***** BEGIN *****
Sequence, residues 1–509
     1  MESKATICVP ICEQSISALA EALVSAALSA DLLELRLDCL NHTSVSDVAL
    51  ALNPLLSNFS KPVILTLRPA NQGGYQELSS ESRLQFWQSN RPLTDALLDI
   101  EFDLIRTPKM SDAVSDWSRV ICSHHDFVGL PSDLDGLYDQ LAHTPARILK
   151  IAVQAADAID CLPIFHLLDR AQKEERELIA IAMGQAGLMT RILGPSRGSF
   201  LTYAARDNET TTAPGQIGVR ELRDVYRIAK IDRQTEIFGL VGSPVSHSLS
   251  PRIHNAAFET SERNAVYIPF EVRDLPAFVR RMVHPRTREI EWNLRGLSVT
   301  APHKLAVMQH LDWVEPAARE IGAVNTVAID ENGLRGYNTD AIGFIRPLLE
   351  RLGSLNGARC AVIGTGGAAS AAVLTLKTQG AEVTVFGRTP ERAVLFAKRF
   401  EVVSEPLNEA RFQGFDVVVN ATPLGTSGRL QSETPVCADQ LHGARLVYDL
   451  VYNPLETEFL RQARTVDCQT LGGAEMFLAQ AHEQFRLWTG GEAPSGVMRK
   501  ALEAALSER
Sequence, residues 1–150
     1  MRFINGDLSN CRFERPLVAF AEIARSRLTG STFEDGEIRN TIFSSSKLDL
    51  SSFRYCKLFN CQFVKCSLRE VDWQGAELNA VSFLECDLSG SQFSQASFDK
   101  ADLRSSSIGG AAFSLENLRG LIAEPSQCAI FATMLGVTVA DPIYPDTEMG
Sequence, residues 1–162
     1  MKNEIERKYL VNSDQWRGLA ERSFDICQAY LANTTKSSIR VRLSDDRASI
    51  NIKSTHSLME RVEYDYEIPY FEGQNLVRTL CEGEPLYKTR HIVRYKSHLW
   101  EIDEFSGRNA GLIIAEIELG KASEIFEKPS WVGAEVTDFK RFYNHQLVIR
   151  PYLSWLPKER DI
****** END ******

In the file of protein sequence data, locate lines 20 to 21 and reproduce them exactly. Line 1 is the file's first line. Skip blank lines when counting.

   101  EIDEFSGRNA GLIIAEIELG KASEIFEKPS WVGAEVTDFK RFYNHQLVIR
   151  PYLSWLPKER DI